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Why Going Short May Be A Good Strategy For Bonds

Why Going Short May Be A Good Strategy For Bonds

Investing is all about the risk-reward tradeoffs.

Among the three most basic asset classes - stocks, bonds and cash - stocks have the greatest potential expected return, but also the highest potential risk.

Most seasoned investors understand that stocks offer the juice to generate the return needed to meet a specific goal, such as retirement.

But sometimes the role of bonds is misunderstood. In a properly diversified portfolio, bonds help dampen some of stocks' volatility.

Unfortunately, some investors decide to decrease bond exposure - or eliminate bonds altogether - because they are disappointed with the tepid return.

How Much Risk Am I Comfortable With?

On the flip side, other investors choose to take more risk with bonds. Some turn to high-yield bonds, which represent some form of distressed debt. Because the risk of default is higher than normal, investors demand a greater payment to hold high-yield bonds. As instruments with both higher expected return and higher risk, bonds have some stock-like characteristics.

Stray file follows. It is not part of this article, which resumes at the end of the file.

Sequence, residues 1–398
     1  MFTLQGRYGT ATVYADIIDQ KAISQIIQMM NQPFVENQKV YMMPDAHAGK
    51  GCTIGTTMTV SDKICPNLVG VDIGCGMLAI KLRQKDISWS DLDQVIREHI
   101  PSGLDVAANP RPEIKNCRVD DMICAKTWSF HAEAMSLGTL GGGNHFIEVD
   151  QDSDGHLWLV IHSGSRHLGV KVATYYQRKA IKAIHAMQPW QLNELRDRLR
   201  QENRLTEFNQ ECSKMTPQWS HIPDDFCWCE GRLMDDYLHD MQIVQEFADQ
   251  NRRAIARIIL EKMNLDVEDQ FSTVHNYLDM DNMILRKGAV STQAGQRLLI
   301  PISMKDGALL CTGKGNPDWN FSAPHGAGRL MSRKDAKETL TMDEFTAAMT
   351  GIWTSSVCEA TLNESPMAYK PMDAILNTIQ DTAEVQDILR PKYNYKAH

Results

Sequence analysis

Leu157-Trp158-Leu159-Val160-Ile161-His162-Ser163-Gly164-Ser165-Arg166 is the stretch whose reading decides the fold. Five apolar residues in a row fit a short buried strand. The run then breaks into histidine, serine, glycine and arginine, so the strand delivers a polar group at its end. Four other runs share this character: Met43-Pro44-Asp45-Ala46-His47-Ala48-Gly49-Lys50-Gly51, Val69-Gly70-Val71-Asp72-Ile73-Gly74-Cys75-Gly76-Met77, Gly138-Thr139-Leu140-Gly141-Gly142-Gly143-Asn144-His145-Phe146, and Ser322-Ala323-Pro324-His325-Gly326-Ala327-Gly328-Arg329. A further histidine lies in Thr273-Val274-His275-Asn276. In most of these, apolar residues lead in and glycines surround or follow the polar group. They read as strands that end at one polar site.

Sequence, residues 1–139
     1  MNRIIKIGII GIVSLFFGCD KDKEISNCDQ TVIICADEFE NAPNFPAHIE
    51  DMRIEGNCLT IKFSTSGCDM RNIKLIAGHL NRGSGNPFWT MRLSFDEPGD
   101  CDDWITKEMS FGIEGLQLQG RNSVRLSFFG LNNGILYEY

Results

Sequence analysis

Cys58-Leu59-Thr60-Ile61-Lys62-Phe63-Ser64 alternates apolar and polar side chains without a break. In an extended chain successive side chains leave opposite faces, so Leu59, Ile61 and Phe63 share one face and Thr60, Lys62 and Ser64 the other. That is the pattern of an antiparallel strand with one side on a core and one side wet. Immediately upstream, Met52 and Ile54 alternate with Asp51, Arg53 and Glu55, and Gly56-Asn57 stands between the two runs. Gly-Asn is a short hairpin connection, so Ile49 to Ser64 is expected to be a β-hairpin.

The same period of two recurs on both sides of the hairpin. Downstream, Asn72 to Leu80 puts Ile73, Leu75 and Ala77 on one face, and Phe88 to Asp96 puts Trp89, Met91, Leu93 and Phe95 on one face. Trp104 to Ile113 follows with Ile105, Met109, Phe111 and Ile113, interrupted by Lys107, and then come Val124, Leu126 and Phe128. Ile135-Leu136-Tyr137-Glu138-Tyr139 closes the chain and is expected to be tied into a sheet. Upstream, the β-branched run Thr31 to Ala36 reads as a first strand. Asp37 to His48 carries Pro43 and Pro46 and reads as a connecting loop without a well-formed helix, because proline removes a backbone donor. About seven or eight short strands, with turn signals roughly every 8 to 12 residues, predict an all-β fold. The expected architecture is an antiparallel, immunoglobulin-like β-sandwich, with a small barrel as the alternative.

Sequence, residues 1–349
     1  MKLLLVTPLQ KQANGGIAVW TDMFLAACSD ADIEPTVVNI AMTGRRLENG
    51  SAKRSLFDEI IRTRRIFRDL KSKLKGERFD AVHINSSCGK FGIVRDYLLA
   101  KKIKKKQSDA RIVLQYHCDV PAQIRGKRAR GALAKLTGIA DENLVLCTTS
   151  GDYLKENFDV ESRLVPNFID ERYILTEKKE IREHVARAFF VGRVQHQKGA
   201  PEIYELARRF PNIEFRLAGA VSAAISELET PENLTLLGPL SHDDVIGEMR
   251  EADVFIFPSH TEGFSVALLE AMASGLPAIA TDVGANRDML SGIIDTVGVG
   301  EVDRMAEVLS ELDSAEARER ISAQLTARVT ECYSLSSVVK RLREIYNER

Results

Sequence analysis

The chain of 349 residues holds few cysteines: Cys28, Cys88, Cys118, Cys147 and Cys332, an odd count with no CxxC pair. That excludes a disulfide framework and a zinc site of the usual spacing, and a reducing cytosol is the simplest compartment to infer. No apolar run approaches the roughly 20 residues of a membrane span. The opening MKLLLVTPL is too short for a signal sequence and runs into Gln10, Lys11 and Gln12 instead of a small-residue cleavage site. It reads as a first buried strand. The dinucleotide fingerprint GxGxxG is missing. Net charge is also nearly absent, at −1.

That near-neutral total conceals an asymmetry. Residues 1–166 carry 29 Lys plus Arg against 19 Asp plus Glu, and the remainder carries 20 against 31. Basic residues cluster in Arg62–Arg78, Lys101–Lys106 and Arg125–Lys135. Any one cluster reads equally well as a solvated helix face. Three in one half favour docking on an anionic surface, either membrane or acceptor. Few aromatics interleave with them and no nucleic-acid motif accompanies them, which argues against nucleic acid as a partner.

Bonds with longer maturities also have higher expected returns than those with maturities of five years or less. But that also comes with higher risk. This makes intuitive sense: It's more difficult to accurately forecast where interest rates may be 20 years from now, whereas it's somewhat easier to make an educated guess about rates in one, three or five years.

Related Link: Don't Ever Pay A Sales Charge For An S&P Index Fund

When choosing either a stock or bond fund, an index fund will generally have a lower expense ratio than an actively managed fund. In addition, investment selections by an active manager can often miss the mark. There's been some research recently to show that actively managed bond funds outperformed indexes over the past five years, but as the saying goes: Past performance is no guarantee of future returns.

Popular Picks

One of the more popular short-term bond funds is the Vanguard Short-Term Bond Index Fund (MUTF: VSBIX). This fund contains 30 percent corporate bonds and 70 percent Treasuries. It has an expense ratio of 0.20 percent. Compare that to the 0.70 percent expense ratio of the actively managed PIMCO Short-Term Fund (MUTF: PSHAX). The compositions of the two funds are different; the Vanguard fund contains more corporate bonds, but the expense comparison is a good point of reference.

Another inexpensive indexed short-term bond fund is the Schwab Short-Term Bond Market Fund (MUTF: SWBDX). This is much smaller than the other two funds, with just $387 million in total assets. This fund holds about 75 percent in government and government-related bonds and about 25 percent in corporates.

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